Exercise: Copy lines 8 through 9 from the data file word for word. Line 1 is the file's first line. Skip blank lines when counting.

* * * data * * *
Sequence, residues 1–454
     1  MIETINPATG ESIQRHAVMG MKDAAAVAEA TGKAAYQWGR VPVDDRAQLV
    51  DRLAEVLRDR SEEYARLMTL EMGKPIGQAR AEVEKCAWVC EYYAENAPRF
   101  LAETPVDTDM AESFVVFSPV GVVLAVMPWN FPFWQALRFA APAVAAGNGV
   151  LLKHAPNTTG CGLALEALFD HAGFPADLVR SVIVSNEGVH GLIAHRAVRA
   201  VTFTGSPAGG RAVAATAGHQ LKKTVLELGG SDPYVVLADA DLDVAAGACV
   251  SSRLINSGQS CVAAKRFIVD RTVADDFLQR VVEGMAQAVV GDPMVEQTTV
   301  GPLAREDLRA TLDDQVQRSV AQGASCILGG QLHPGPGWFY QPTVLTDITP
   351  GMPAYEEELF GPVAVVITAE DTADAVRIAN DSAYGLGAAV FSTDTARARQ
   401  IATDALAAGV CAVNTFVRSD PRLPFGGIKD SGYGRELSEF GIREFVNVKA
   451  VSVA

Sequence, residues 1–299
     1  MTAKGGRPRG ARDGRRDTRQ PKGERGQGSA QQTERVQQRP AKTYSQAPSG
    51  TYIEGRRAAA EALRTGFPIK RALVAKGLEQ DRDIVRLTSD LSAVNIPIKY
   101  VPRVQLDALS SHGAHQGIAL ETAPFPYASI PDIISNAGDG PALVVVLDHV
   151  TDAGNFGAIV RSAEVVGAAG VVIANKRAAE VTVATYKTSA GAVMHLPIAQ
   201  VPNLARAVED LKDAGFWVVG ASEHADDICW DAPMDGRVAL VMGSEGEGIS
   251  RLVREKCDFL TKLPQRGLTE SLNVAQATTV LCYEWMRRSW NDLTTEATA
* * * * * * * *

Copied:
   301  GPLAREDLRA TLDDQVQRSV AQGASCILGG QLHPGPGWFY QPTVLTDITP
   351  GMPAYEEELF GPVAVVITAE DTADAVRIAN DSAYGLGAAV FSTDTARARQ